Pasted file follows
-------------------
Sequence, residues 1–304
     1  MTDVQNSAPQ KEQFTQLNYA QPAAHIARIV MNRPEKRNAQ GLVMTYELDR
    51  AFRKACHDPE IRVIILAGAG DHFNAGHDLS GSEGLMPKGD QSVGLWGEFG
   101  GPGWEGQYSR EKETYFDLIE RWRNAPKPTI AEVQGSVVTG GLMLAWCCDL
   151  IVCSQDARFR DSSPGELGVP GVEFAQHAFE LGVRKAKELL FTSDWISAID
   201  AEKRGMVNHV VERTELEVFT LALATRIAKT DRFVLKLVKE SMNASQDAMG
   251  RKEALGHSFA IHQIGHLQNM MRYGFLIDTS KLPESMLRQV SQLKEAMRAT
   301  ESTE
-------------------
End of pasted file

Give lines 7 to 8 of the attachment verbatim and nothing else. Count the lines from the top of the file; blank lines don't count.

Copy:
   251  RKEALGHSFA IHQIGHLQNM MRYGFLIDTS KLPESMLRQV SQLKEAMRAT
   301  ESTE